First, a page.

Plan the Mission
The I.C.E.™ Cam photo shows the month is January and the overnight temperature is 17°F. We have established an automatic hog feeder as a food source. Sounder intel verifies four adults and 13 juveniles for a total of 17. We have determined one trained and certified Hog Control Operator™ will employ the trapping process using one M.I.N.E.™ Trapping System. Our performance standard is 100 percent success which means we must remove all 17 pigs expending the least amount of fuel, time, labor, and money.
Harvest Efficiency Report
Date of the River Trail capture was 09 January 2018. There were seven juvenile boars, six juvenile gilts, (including the piglet that expired during the early morning of 02 January 2018) one subadult gilt and three adult sows. No fetuses were detected during necropsy. Harvest Efficiency Report column totals for Episode 09 verify 17 pigs were removed in one event expending 3.75 hours of labor which equated to a little over 13 minutes of labor per pig.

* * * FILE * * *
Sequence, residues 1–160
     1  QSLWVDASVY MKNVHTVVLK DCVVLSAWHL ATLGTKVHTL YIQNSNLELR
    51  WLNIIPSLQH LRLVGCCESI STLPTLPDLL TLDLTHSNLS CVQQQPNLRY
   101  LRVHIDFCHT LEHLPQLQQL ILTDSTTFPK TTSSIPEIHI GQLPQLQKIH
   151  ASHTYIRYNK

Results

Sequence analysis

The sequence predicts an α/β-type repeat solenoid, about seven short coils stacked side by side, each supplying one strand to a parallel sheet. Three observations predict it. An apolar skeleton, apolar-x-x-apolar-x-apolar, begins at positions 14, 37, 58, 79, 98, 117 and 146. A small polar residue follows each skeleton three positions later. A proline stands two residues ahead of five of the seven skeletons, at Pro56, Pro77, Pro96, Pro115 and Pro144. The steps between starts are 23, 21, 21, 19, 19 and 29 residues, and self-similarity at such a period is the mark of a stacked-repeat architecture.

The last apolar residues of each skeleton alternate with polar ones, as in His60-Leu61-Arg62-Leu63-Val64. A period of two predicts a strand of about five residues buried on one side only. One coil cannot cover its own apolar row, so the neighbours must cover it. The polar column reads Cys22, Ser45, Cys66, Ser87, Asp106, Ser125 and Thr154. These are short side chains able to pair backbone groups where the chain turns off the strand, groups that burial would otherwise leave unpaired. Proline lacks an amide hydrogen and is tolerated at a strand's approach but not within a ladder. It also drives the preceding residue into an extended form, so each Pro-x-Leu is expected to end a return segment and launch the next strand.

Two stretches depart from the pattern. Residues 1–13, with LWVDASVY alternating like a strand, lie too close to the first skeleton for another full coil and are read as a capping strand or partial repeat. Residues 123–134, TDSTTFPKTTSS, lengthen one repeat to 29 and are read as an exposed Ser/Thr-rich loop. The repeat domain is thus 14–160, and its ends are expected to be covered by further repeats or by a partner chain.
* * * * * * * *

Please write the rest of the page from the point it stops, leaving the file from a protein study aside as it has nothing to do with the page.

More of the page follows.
We removed 17 of 17 targeted pigs for a 100 percent removal success rate. This accomplished our performance goals, using a trained and certified Hog Control Operator, by trapping and shooting during winter months, using our M.I.N.E.™ Trapping System and thermal scoped rifles for hog hunting.
Return on Labor
Our total trapping labor was 3.75 hours. Trapping labor per pig was 13.24 minutes. We arrive at this number by multiplying 3.75 hours times 60 minutes which equals 225 minutes. Divide this number by 17 pigs trapped to equal 13.24 minutes of labor per pig.
The annual damage prevented by trapping was $6,800. To calculate our annual return on labor per method, we must take our annual damage prevented and divide it by the labor hours. $6,800 divided by 3.75 hours gives us a return on labor of $1,813.33 per hour from trapping.